A SAXS-based approach to rationally evaluate radical scavengers – toward eliminating radiation damage in solution and crystallographic studies
aHauptman-Woodward Medical Research Institute, 700 Ellicott St, Buffalo, NY 14203, USA, bCell Stress Biology, Roswell Park Comprehensive Cancer Center, 665 Elm Street, Buffalo, NY 14203, USA, and cMaterials Design and Innovation, State University at New York at Buffalo, 700 Ellicott St, Buffalo, NY 14203, USA
*Correspondence e-mail: email@example.com
X-ray-based techniques are a powerful tool in structural biology but the radiation-induced chemistry that results can be detrimental and may mask an accurate structural understanding. In the crystallographic case, cryocooling has been employed as a successful mitigation strategy but also has its limitations including the trapping of non-biological structural states. Crystallographic and solution studies performed at physiological temperatures can reveal otherwise hidden but relevant conformations, but are limited by their increased susceptibility to radiation damage. In this case, chemical additives that scavenge the species generated by radiation can mitigate damage but are not always successful and the mechanisms are often unclear. Using a protein designed to undergo a large-scale structural change from breakage of a disulfide bond, radiation damage can be monitored with small-angle X-ray scattering. Using this, we have quantitatively evaluated how three scavengers commonly used in crystallographic experiments – sodium nitrate, cysteine, and ascorbic acid – perform in solution at 10°C. Sodium nitrate was the most effective scavenger and completely inhibited fragmentation of the disulfide bond at a lower concentration (500 µM) compared with cysteine (∼5 mM) while ascorbic acid performed best at 5 mM but could only reduce fragmentation by ∼75% after a total accumulated dose of 792 Gy. The relative effectiveness of each scavenger matches their reported affinities for solvated electrons. Saturating concentrations of each scavenger shifted fragmentation from first order to a zeroth-order process, perhaps indicating the direct contribution of photoabsorption. The SAXS-based method can detect damage at X-ray doses far lower than those accessible crystallographically, thereby providing a detailed picture of scavenger processes. The solution results are also in close agreement with what is known about scavenger performance and mechanism in a crystallographic setting and suggest that a link can be made between the damage phenomenon in the two scenarios. Therefore, our engineered approach might provide a platform for more systematic and comprehensive screening of radioprotectants that can directly inform mitigation strategies for both solution and crystallographic experiments, while also clarifying fundamental radiation damage mechanisms.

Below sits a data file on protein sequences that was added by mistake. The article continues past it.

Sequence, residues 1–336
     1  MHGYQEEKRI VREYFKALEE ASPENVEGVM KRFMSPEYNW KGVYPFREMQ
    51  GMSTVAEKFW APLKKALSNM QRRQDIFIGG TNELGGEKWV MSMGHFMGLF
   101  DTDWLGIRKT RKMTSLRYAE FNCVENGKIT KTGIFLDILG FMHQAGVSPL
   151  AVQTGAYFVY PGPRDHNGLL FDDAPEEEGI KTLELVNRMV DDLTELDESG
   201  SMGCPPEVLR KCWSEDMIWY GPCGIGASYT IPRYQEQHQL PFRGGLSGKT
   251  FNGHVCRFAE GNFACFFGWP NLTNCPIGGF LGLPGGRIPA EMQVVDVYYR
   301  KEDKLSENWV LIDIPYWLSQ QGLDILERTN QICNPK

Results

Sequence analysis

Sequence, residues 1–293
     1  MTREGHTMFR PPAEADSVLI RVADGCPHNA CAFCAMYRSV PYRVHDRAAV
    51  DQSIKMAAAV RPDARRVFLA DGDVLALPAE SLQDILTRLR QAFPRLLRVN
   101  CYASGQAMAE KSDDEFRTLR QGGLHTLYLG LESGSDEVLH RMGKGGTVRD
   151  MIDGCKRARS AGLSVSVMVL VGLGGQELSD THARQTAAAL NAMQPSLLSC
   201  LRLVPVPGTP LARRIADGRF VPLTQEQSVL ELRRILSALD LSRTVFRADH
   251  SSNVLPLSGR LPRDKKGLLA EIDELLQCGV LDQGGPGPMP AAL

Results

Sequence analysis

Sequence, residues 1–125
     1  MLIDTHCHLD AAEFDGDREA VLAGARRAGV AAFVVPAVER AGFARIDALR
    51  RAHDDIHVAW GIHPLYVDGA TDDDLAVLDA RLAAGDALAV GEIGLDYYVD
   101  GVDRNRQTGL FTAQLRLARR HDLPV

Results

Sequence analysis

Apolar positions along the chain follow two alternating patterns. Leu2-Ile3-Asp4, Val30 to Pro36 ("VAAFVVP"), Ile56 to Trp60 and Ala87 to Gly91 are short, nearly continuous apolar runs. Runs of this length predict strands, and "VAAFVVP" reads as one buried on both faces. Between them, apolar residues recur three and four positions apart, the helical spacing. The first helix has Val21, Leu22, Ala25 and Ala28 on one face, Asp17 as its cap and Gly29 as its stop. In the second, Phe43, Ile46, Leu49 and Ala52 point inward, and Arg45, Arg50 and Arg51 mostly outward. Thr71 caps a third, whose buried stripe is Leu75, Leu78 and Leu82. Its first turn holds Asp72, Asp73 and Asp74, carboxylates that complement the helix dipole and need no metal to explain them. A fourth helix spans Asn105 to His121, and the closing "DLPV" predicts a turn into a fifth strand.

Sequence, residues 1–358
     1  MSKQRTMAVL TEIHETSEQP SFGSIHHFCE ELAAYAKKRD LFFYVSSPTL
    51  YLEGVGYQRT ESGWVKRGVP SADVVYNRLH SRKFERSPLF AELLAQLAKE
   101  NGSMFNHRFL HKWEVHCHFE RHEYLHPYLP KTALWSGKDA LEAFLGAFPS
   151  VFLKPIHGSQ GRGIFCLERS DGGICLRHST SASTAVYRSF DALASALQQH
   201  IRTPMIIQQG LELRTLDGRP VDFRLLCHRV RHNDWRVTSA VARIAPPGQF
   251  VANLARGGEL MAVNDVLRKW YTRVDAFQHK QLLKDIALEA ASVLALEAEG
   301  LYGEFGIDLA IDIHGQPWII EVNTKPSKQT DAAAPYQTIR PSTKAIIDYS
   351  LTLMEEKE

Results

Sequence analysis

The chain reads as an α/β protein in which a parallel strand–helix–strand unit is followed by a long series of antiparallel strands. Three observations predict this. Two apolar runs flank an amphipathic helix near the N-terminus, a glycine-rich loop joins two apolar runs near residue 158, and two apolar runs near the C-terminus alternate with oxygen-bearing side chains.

X-ray techniques provide key information on biological mechanisms at the molecular and protein level resolution. However, a limitation of these techniques can be the radiation chemistry involved. X-rays deposit energy inelastically in the sample, damaging it through primary and secondary processes. Primary damage is mainly due to direct photo-absorption of energy leading to an electron ejection from the atom. Secondary damage is from the formation of highly reactive products generated from the ionization of protein atoms and the photolysis of water that then further interact with the sample. These processes have been studied in detail through X-ray crystallographic studies. Global damage manifests in the overall data statistics, and specific damage in structural changes to specific residues in the resultant model, which can misdirect the biologic interpretation. The current state of our knowledge in this area is nicely summarized elsewhere (Garman & Weik, 2019).
Cryocooling crystals during X-ray data collection is an effective method of reducing radiation damage, preventing the diffusion of most solvent-generated radicals, although it does not completely prevent the damage (Gonzalez & Nave, 1994; Symons, 1995). Solvated electrons remain motile even at cryogenic temperatures (Jones et al., 1987; Garman, 2010). Despite the advances that cryo-cooling has enabled, the technique can also mask biologically meaningful conformations (Fraser et al., 2009, 2011), yield non-native structural artifacts (Frauenfelder et al., 1987; Juers & Matthews, 2001), and may not be applicable to every system.